Two monoliths of the Memphis, Tennessee swimming scene have announced a team merger. Memphis Tiger Swimming and the YMCA of Memphis & The Mid-South have signed a “definitive merger agreement” that will combine both organizations’ competitive and developmental swim teams under one program operated by YMCA of Memphis & The Mid-South.
The new program will be named Memphis Tiger YMCA Swimming and will be led by Adam Byars: who is currently the head coach for Memphis Tiger Swimming. He will serve as the YMCA’s new director for competitive swimming.
This gives Byars oversight of competitive swim programming, and guidance duties for developmental swimming, at 14 pools including area YMCA branches and the planned Mike Rose Natatorium at the University of Memphis. The programs currently train more than 600 developmental and competitive swimmers combined.
The two clubs were already partnered on the renovation of the new Mike Rose Natatorium, along with Splash Mid-South, the Rose Foundation, and the University of Memphis. That overhaul is scheduled to include the installation of a new, longer pool that would include a thermal bulkhead to allow for different water temperatures on different sides of the pool. Those renovations are expected to begin in early 2020, but has recently become embroiled in a contentious political battle in the city of Memphis.
In a press release, the new combined club says that one goal is to “increase interest and participation in competitive swimming by embracing multi-sport athletes.”
“Our vision is to grow the sport of swimming by making it convenient and rewarding for athletes of all interests and abilities,” said Byars. “Whether you’re a seasonal swimmer who is just getting started or a veteran year-round swimmer, Memphis Tiger YMCA Swimming will have convenient training options and age-appropriate coaching to help every swimmer enjoy the benefits of swimming and more fully develop their potential.”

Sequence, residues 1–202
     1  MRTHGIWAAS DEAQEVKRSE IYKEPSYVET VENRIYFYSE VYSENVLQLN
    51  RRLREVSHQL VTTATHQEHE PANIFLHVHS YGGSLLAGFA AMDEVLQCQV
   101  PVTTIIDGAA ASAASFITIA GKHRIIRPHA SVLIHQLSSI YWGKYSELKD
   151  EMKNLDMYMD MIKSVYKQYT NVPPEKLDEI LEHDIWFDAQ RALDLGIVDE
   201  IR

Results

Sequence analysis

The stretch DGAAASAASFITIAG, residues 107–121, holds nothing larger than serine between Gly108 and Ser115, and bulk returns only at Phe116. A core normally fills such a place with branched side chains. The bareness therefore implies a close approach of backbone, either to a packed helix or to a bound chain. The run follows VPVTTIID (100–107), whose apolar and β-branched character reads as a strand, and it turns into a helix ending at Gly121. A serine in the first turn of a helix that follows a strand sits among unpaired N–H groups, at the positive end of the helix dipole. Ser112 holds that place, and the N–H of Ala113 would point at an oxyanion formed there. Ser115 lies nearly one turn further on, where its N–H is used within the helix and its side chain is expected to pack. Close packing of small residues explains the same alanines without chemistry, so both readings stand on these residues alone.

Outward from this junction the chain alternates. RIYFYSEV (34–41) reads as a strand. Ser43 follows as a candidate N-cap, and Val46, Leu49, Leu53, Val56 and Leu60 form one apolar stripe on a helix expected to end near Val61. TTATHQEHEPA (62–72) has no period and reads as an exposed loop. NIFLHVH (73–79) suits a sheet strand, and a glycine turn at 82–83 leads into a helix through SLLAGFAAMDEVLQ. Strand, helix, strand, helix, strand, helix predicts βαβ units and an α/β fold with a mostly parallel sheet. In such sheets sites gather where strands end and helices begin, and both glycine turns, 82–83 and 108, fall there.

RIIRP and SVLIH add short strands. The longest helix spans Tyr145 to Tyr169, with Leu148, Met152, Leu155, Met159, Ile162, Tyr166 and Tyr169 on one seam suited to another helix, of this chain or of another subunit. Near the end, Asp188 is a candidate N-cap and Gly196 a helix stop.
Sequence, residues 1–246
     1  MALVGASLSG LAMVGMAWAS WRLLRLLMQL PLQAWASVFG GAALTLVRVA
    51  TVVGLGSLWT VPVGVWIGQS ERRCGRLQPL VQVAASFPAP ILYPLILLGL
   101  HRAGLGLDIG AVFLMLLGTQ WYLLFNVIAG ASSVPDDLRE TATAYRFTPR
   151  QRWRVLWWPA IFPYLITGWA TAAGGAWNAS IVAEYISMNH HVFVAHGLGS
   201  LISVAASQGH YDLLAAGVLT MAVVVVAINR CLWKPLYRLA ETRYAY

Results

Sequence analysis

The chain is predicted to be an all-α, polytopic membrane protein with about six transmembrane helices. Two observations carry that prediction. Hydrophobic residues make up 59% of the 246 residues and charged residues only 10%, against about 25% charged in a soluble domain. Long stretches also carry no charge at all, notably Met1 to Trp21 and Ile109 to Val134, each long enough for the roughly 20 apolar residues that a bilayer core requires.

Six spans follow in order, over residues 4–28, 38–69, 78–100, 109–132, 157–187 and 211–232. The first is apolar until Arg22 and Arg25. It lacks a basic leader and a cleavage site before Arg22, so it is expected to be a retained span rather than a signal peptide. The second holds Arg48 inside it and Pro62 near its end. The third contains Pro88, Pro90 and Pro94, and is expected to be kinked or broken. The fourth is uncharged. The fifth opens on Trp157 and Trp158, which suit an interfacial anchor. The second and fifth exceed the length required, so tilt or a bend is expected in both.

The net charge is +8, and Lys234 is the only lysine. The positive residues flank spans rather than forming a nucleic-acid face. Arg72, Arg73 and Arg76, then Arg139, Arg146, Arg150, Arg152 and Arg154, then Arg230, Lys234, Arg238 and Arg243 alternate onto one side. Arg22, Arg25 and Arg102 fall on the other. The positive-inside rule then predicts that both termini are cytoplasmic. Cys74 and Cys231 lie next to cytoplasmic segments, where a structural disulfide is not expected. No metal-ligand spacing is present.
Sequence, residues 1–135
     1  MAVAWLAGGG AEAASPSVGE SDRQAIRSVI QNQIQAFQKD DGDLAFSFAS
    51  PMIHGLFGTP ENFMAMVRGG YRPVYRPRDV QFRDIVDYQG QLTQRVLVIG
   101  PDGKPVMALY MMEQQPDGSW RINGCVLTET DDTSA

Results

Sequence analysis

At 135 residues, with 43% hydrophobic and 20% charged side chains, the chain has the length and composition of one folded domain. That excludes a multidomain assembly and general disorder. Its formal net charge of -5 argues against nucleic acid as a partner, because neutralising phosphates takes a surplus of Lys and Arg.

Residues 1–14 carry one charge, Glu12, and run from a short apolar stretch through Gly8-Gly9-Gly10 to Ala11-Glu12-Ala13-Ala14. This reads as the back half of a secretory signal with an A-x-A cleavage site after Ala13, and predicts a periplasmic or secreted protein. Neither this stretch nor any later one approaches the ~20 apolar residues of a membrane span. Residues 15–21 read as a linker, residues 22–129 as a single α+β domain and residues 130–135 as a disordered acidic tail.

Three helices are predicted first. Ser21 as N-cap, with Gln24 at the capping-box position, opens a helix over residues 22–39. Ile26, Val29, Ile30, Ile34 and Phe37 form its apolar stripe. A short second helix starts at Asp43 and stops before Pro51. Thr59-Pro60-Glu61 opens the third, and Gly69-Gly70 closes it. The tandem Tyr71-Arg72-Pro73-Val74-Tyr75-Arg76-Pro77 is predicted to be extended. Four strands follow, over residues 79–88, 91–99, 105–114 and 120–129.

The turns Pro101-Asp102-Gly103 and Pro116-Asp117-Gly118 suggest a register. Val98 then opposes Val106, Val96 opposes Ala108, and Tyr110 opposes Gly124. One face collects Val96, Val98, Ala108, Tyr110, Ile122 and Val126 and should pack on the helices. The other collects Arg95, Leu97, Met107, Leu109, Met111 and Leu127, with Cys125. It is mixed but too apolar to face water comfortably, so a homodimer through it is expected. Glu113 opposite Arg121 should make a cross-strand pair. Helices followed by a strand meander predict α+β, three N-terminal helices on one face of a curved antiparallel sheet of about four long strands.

Byars has been the head coach of MTS since August of 2017. Prior to that, he served as an asssistant at Arizona, where he was also an All-American athlete. He also spent 8 years as a coach with the Aiken-Augusta Swim League in Augusta, Georgia as head age group coach and head coach.
The merger coincides with Memphis Tiger Swimming being close to losing access to the University of Memphis aquatic facilities for an estimated 10-12 months during the renovations. A recent mega-club merger in North Carolina was driven by Sailfish Aquatics losing access to their pool space and merging with NOMAD, which has its own pool.
A spokesperson for the club said that this was a definite near-term benefit, but that the long-term goal was to create a single-club pathway from developmental to competitive swimming.
“The real goal of the merger is to grow the sport of swimming in the Memphis area by making it more attractive and convenient for seasonal and multi-sport swimmers by combining the developmental swimming expertise of the YMCA with the year-round competitive swimming expertise of Memphis Tiger Swimming.
“We believe this combination will not only help us attract more new swimmers to the sport, but retain more advanced swimmers who will chose to progress to the year-round competitive program.”
“Aquatics have always been central to our mission; from the lifesaving benefits of swim lessons to the health and recreational benefits of competitive swimming,” said Jerry Martin, president and CEO of YMCA of Memphis & The Mid-South. “We’re excited to welcome Memphis Tiger Swimming to create a structured, fun environment for competitive swimmers to develop skills through a defined progression program; from first-year summer swimmers to nationally-elite high school swimmers.”
Memphis Tiger swimming was launched in 1971, making it the oldest competitive team in the city. The club has had 24 of its current or former swimmers to the Olympic Trials in its history, and 5 have qualified for the Olympics, including 5-time Olympic medalist Jon Olsen. The club also counts among its alumni Kris Kubik, who would go on to be the assistant coach for the men’s swimming & diving team at the University of Texas under Eddie Reese, where he was instrumental in a number of NCAA Championship teams. Pace Clark, the University of Georgia school record holder in the 100 and 200 fly, is also a Memphis Tiger alumnus.